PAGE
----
Today in Feminist History: Some Militant Action Is Vital to Victory (July 6, 1917)

Today in Feminist History is our daily recap of the major milestones and minor advancements that shaped women’s history in the U.S.—from suffrage to Shirley Chisholm and beyond. These posts were written by, and are presented in homage to, our late staff historian and archivist, David Dismore.

July 6, 1917: Three days in jail.

Cartoonist Nina Allender’s view of the July 4th demonstration as drawn for a recent issue of the National Woman’s Party’s official publication, “The Suffragist.”

That was the sentence Judge Mullowney reluctantly imposed today in Washington, D.C.’s Police Court on eleven of the suffragists who took part in a “Silent Sentinel” picketing of the White House on July 4th. They were given a choice of paying fines or going to jail, and all chose prison. The judge first offered to release them on personal bond if they would agree to stay away from the White House for about six months and “not bother the President” during these “abnormal times,” which began with our country’s entry into the war three months ago.

But none of those convicted on false charges of “blocking traffic” on the wide Pennsylvania Avenue sidewalk thought they were guilty of anything, nor were they willing to surrender their right of free speech. So after acknowledging that “I know it’s not going to make you quit marching in front of the White House,” and even volunteering to pay their fines, the judge said: “Well, it’s no use to ask you to make any promises. I know you won’t do it. So I’ll have to give you the same as I gave the others last week – $25 fine each or three days in jail.” 

Then off to the District Jail they went.

Those serving time tonight for exercising their Constitutional right to peacefully protest outside the White House gates are: Lucy Burns, Dora Lewis, Gladys Greiner, Margaret F. Whittemore, Vida Milholland, Helena Hill Weed, Iris R. Calderhead, Frances B. Green, Elizabeth Stuyvesant, Joy Young and Lucille Shields.

Hazel Hunkins, who was not carrying a banner, but snatched one back from a member of the crowd who stole it, then returned it to the picket who had been carrying it, will get a separate trial. Kitty Marion, who was distributing copies of a suffrage publication to the crowd when she was assaulted by Charles Morgan, will be tried along with him tomorrow, both charged with “disorderly conduct.”

The Independence Day event began about noon, when the first six demonstrators – followed by approximately 2,000 spectators – marched out of the National Woman’s Party headquarters and toward the White House. Helena Hill Weed carried a banner reading: “Governments derive their just powers from the consent of the governed.” Since it was already public knowledge that the pickets would be there to defy a police ban on picketing along the White House fence, another large crowd had already gathered in that location to watch the confrontation.

Upon nearing the White House gates, a struggle between picketers and police ensued, and one by one, the National Woman’s Party’s purple, white and gold standards, and the “offensive” banner quoting the Declaration of Independence, came down amid the cheers of the crowd as arrests were made. A second assault on the objective was made outside the West gate shortly afterward by another contingent, with Joy Young holding up a banner asking: “Mr. President, what will you do for woman suffrage?” The earlier scene was repeated.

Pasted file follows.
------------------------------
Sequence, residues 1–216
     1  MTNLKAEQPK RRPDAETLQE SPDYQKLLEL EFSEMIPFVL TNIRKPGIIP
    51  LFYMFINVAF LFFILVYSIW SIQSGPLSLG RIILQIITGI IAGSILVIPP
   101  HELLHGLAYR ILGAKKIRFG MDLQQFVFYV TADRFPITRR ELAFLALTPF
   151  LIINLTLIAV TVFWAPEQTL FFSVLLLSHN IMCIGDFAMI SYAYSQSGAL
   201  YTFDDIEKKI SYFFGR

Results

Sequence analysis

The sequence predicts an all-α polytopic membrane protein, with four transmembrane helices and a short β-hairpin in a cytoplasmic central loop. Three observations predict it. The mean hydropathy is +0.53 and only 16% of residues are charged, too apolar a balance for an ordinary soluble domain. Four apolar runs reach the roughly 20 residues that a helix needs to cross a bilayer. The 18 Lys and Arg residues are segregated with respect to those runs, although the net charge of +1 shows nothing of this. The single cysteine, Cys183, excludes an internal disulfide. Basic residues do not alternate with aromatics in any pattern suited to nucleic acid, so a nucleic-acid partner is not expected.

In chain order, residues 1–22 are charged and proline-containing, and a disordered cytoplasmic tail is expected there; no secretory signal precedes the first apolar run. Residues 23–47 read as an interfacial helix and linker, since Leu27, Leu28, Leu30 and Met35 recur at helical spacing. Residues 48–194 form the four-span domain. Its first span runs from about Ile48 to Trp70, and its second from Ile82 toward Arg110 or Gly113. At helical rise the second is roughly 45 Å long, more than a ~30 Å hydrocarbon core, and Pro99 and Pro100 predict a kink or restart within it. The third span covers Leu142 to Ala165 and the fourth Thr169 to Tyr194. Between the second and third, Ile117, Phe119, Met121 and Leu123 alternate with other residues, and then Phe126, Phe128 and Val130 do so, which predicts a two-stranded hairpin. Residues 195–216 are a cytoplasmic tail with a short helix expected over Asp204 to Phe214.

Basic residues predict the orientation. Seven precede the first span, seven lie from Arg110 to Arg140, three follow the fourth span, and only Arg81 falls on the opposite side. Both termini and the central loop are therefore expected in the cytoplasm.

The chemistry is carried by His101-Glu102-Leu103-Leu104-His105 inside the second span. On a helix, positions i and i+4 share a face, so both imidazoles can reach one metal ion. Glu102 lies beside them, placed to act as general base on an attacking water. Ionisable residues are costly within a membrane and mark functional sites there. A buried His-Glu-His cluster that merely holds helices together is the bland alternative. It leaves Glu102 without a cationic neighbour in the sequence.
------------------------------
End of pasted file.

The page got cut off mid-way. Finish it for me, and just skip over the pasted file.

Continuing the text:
Regardless of consequences, National Woman’s Party pickets are determined to protest as often as necessary to bring President Wilson’s hypocrisy to public attention. He has vigorously and repeatedly crusaded in favor of democracy around the world, but refuses to support the Susan B. Anthony (woman suffrage) Amendment that would bring democracy to tens of millions of voteless American women in States where only men are now permitted to vote. 

As the highest-ranking member of the Democratic Party, which controls the Congress, Wilson could certainly use his considerable influence to gain a few more Democratic votes, which combined with the overwhelming Republican support that already exists, would achieve the two-thirds majority of both House and Senate that’s needed to send the Anthony Amendment to the State legislatures for ratification by three-fourths (36 out of 48). 

Of course, more conservative methods of achieving “Votes for Women” are endorsed by suffragists like Carrie Chapman Catt and organizations such as the National American Woman Suffrage Association. Their efforts clearly help our cause of equal suffrage as well, but some militant action is also vital to victory. So the courage and determination of Alice Paul’s “Silent Sentinels” should be praised, and their efforts supported until the Anthony Amendment, which bans discrimination at the polls on account of sex, is safely and permanently in the U.S. Constitution.


David Dismore is the archivist for the Feminist Majority Foundation. His journey from would-be weather forecaster to full-time feminist began with the powerful impression made by a photo and a few paragraphs about the suffragists in his high school history textbook; years later, he had his first encounter with NOW—in which he carefully peeked in a window before opening the door to be sure men were allowed. He was eventually active in the ERA extension campaign of 1978, embarked on a cross-country bikeathon for it in 1982 and even worked for pioneers Toni Carabillo and Judith Meuli.